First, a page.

Word of the Week

blurredlines1Recently while in the religion section of Barnes and Noble, I found two books in that struck me indicative of America at this juncture.

One was entitled Why the Christian Right Is Wrong and the other was God's Own Party: The Making of the Christian Right

I felt like both covers were screaming at me. Both books not only expressing their views, but expressing their views at the cost of the other. And these weren’t the only ones—there were so many more!

We buy books like this from whatever camp we find ourselves in because it’s so much easier (and fun) to surround ourselves with people who think exactly as we do, right?

And this is where the wars of words begin:

Red State vs. Blue State.

Fox vs. MSNBC

Pro Life vs. Planned Parenthood

And us, religious types are the WORST. We love a good game of us vs. them.

The "them" side isn’t as enlightened, or as smart or as representative of the true faith like we are. We stake the claim of the divide with statements like this-

You believe gay marriage is ok. But we believe marriage is between a man and a woman.

You believe the Bible is without errors. But we believe it is full of them.

You believe all religious paths lead to God. But we believe in Jesus is the only way to God. (The list could go on and on)

And we de-friend both in real life (and on Facebook) once we see the side people fall on.

But what happens when you meet someone who is a "them” who is smart, kind and respectful instead of a monster perceived to have five heads?

Such happened to me recently and it really surprised me.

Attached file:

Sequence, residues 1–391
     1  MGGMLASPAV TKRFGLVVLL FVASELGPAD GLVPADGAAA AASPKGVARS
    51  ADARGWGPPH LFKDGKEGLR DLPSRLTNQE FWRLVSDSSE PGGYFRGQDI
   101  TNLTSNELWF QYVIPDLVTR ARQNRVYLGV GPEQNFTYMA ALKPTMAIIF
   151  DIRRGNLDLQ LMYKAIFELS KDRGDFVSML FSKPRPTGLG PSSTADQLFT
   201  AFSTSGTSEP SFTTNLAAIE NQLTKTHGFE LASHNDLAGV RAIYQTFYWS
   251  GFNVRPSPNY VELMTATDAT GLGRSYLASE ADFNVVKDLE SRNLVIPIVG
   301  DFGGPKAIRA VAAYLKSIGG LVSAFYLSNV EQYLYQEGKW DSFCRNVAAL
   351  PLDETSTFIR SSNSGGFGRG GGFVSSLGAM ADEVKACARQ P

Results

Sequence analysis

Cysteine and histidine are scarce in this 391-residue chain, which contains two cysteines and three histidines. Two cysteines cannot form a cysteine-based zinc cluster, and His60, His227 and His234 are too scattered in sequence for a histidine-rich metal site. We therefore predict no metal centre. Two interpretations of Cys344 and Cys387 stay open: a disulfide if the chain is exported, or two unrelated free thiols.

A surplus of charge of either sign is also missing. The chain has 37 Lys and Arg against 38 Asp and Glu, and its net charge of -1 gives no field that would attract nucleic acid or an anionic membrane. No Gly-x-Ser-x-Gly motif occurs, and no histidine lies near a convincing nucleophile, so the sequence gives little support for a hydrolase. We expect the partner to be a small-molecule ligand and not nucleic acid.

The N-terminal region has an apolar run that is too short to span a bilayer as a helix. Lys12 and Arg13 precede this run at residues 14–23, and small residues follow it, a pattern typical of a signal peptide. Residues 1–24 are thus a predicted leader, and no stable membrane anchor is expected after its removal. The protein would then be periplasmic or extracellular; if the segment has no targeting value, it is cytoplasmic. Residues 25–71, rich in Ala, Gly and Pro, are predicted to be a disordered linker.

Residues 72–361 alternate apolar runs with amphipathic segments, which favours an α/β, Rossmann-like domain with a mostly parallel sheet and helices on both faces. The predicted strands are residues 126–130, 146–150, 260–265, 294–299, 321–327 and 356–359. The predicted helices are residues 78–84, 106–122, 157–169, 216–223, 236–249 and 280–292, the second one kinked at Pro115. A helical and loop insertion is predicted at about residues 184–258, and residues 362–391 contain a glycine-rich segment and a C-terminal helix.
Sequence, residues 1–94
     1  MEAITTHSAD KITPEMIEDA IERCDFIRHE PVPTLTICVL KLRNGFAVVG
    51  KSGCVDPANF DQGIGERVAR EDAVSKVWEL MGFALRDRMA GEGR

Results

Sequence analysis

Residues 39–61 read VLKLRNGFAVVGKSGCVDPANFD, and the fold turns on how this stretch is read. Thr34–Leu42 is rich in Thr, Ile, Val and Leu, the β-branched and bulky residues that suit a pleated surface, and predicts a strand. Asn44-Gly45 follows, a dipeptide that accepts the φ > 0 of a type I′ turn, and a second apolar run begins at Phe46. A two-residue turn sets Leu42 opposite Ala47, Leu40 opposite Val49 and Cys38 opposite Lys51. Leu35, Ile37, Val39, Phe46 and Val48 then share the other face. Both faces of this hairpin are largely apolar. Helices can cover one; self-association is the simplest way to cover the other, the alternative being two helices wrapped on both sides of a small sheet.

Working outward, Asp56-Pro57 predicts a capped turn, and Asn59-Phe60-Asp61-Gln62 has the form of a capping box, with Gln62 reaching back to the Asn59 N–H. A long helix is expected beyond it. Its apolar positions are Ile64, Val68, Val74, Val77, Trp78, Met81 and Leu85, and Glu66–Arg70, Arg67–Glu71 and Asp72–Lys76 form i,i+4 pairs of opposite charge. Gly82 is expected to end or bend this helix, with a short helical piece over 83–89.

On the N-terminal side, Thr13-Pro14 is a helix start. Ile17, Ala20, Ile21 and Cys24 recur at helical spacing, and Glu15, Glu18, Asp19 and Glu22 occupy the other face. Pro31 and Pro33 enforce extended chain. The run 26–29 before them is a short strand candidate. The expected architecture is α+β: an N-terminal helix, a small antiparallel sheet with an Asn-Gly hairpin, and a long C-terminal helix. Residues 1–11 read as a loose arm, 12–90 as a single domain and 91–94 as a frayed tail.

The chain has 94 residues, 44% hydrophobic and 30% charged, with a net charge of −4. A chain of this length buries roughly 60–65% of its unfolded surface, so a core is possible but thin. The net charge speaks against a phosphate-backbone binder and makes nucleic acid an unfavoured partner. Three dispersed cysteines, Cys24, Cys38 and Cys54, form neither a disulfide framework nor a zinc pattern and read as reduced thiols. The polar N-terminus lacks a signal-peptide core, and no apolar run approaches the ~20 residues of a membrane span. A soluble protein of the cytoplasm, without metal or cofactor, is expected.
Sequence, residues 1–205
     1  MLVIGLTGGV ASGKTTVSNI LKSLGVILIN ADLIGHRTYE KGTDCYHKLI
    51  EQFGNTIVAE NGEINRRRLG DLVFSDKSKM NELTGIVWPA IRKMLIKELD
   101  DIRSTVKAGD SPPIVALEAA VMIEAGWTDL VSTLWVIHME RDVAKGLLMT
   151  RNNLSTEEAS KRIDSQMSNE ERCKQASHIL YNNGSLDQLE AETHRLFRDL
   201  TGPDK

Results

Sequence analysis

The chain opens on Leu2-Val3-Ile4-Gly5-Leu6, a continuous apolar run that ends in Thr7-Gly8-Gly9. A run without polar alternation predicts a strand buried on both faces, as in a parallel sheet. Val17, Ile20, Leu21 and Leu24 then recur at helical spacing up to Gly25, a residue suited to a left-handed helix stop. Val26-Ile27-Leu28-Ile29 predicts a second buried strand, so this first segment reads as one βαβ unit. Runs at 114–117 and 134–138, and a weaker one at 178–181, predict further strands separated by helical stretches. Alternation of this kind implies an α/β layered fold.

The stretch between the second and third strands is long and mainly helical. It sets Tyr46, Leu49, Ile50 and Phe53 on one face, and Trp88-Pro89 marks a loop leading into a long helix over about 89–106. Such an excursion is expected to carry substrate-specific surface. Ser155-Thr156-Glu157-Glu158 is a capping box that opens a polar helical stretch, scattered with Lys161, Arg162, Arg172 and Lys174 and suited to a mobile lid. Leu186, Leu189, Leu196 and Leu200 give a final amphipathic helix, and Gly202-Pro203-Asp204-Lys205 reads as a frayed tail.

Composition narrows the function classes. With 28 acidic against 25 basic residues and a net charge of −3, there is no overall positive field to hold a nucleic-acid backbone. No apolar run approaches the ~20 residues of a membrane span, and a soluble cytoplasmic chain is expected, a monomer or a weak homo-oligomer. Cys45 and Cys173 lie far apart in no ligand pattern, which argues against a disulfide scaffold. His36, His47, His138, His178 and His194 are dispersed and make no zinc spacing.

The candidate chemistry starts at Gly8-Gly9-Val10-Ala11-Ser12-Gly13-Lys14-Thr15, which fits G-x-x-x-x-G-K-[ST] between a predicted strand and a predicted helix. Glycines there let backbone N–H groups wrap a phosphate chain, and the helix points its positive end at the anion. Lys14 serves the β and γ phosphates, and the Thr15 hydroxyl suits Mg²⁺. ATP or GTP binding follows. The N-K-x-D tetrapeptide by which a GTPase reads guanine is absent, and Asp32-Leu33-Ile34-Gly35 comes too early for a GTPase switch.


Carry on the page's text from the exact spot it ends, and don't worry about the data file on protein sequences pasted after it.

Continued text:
I met a new colleague. Though we both profess the Christian faith, we’re a unlikely match. But now I call him my friend.

He likes to go on mission trips for the sake of evangelism. I don’t feel this is the best use of my resources.

He likes telling me about his prayers using specific scriptures. I am not one to be showy about how I pray for people.

He chooses to live in part of the country where Christian churches are the norm. I prefer to be surrounded by diversity.

But as I’ve gotten to know this colleague, I’ve seen his heart. I've watched him give and give of his resources to others. I’ve received comfort from his beautiful prayers for me. I’ve found nuggets of common ground in our theological conversations.

Slowly, he’s less like “them” and more like someone I would include in the “us.” Shocking even me.

But, this is what I know:

We're both are children of the same heavenly Parent.

We're both bearers of divine light (even if I still think my choices are the best ones for me).

And he’s challenging me to see God beyond the walls of my own bias.

I’m reminded of one of my favorite Anne Lamott quotes: “You can safely assume you've created God in your own image when it turns out that God hates all the same people you do.”

This is why the us vs. them wars never work and can’t be our norm practice if we want to live in peaceful corners of plant earth. God is always in the business of surprises. us-them-we

This does not mean that there isn't a time and place for speaking truth to power and movements for justice but . .

Our best energy, my friends can’t be used up in fortifying ourselves for battle with them.

We’ve got more important work to do! Feeding the hungry, seeing the unseen, uplifting the lonely. Work we can do together.